Presentation Title

Improved Prosthetic Gait Following Amputee-Specific Physical Therapy

Advisor Information

Sara Myers

Location

Dr. C.C. and Mabel L. Criss Library

Presentation Type

Poster

Start Date

6-3-2015 2:00 PM

End Date

6-3-2015 3:30 PM

Abstract

Amputees must relearn to walk with a prosthesis. Prosthetic rehabilitation is used to reduce and eliminate irregularities between the prosthetic and sound leg. This may decrease long term exposure to increased work demand on the sound leg. An amputee-specific physical therapy (PT) program provides motor learning to help develop proper gait mechanics. However, PT is not standard for all individuals receiving their first prosthesis due to lack of evidence showing improved gait in result PT. Thus, the purpose of this study was to determine whether amputees receiving PT have better gait mechanics than those who do not. The hypothesis was that those who underwent an amputee-specific PT program would demonstrate more regular gait patterns. Amputees with transtibial (between the knee and ankle) amputations walked overground at a self-selected pace while data was collected. The therapy group had previously undergone 2-3 therapy sessions per week for 3 months. Irregularities were determined through overground gait tests comparing prosthetic and sound legs. Results – 17 of 23 variables tested showed significant differences between the prosthetic and sound leg for the group that did not receive amputee-specific PT. The group that had previously received therapy, only 4 of 23 variables showed significant differences between the prosthetic and sound leg. Discussion – Amputees participating in an amputee-specific PT program after receiving a prosthesis show more symmetrical gait. This results in less work demands of the sound leg which results in a less likely chance of long term complications to the sound leg.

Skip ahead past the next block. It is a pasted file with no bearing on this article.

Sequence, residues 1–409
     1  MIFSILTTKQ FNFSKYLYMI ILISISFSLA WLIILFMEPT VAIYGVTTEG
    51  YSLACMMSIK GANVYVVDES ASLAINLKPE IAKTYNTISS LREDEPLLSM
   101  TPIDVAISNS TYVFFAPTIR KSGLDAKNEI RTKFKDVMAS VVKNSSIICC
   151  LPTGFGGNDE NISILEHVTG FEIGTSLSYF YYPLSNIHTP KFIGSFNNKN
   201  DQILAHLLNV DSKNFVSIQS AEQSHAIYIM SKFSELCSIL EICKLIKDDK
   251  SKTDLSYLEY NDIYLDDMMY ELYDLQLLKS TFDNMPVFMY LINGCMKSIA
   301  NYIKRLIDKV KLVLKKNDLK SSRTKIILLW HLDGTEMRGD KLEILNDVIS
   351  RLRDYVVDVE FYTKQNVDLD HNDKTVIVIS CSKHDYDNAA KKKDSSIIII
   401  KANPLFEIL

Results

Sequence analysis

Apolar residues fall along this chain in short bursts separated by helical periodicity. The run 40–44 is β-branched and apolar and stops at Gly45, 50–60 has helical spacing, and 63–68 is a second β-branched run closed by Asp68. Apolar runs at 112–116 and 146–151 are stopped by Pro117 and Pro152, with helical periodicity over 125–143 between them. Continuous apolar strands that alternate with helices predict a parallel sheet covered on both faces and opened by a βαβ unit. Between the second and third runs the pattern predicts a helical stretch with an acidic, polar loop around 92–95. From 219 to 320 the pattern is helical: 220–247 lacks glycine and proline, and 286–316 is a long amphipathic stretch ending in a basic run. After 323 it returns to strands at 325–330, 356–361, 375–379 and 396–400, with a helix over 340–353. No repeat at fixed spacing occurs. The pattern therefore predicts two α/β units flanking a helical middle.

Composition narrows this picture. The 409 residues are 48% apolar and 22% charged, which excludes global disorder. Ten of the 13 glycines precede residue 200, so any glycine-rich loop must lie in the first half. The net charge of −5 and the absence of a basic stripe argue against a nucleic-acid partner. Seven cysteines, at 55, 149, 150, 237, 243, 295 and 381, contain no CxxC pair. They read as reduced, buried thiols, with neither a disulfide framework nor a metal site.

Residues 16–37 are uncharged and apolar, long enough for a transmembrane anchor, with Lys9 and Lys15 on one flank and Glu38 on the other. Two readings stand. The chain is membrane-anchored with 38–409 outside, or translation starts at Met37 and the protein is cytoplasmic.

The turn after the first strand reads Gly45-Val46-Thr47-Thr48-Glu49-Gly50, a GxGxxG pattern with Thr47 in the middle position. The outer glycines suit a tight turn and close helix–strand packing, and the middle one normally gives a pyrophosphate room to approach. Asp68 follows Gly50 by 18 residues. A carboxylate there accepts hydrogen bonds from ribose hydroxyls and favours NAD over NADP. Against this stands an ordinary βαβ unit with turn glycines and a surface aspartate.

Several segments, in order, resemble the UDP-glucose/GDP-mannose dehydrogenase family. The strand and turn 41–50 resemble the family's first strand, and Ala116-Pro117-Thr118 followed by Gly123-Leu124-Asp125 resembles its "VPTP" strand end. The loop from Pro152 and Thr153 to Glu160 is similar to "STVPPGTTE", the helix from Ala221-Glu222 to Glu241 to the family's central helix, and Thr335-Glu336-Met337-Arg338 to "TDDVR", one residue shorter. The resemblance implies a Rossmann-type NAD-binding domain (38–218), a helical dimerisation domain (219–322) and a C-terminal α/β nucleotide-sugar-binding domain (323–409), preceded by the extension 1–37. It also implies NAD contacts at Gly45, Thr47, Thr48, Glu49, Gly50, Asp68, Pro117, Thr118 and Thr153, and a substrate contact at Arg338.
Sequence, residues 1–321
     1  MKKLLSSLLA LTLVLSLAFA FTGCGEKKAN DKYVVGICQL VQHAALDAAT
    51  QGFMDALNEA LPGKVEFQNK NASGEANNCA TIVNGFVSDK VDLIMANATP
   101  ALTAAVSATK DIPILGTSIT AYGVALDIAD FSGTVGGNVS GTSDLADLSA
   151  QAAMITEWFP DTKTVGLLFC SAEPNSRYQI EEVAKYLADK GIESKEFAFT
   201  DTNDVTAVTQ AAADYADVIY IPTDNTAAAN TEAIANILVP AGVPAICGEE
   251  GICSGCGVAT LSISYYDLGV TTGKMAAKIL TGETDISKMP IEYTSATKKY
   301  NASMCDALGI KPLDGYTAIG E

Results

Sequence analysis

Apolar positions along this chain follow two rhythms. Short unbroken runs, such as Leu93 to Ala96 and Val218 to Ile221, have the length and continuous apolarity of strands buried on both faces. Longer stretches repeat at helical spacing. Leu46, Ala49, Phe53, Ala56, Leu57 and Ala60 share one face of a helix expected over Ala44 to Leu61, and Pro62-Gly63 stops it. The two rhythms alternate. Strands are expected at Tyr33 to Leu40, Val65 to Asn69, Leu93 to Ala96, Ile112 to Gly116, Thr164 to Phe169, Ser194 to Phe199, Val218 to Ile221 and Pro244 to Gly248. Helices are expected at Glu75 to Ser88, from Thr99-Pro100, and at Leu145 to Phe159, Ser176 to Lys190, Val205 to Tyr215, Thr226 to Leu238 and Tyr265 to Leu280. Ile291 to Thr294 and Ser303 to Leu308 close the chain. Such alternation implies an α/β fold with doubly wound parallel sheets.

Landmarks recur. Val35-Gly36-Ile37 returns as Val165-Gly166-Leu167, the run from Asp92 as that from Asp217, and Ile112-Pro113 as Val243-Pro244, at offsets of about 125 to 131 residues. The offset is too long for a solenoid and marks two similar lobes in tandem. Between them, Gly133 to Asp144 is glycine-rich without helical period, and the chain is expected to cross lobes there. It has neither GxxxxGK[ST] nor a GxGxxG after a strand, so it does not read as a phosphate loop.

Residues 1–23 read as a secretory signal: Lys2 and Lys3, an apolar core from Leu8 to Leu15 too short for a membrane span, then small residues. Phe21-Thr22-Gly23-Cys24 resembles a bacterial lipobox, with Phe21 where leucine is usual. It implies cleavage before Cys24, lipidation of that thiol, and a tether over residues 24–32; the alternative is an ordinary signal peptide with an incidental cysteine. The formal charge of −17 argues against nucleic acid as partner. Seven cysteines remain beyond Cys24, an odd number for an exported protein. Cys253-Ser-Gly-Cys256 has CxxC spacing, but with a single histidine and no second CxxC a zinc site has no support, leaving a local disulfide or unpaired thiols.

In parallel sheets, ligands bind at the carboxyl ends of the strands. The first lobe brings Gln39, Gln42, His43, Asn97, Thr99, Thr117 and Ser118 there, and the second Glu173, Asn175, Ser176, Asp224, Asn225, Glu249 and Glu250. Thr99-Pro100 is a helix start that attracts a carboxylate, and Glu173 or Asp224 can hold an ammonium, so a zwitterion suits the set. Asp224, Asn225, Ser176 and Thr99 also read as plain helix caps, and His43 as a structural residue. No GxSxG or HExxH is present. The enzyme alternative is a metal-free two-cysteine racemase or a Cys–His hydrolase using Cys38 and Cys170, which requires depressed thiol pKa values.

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COinS
 
Mar 6th, 2:00 PM Mar 6th, 3:30 PM

Improved Prosthetic Gait Following Amputee-Specific Physical Therapy

Dr. C.C. and Mabel L. Criss Library

Amputees must relearn to walk with a prosthesis. Prosthetic rehabilitation is used to reduce and eliminate irregularities between the prosthetic and sound leg. This may decrease long term exposure to increased work demand on the sound leg. An amputee-specific physical therapy (PT) program provides motor learning to help develop proper gait mechanics. However, PT is not standard for all individuals receiving their first prosthesis due to lack of evidence showing improved gait in result PT. Thus, the purpose of this study was to determine whether amputees receiving PT have better gait mechanics than those who do not. The hypothesis was that those who underwent an amputee-specific PT program would demonstrate more regular gait patterns. Amputees with transtibial (between the knee and ankle) amputations walked overground at a self-selected pace while data was collected. The therapy group had previously undergone 2-3 therapy sessions per week for 3 months. Irregularities were determined through overground gait tests comparing prosthetic and sound legs. Results – 17 of 23 variables tested showed significant differences between the prosthetic and sound leg for the group that did not receive amputee-specific PT. The group that had previously received therapy, only 4 of 23 variables showed significant differences between the prosthetic and sound leg. Discussion – Amputees participating in an amputee-specific PT program after receiving a prosthesis show more symmetrical gait. This results in less work demands of the sound leg which results in a less likely chance of long term complications to the sound leg.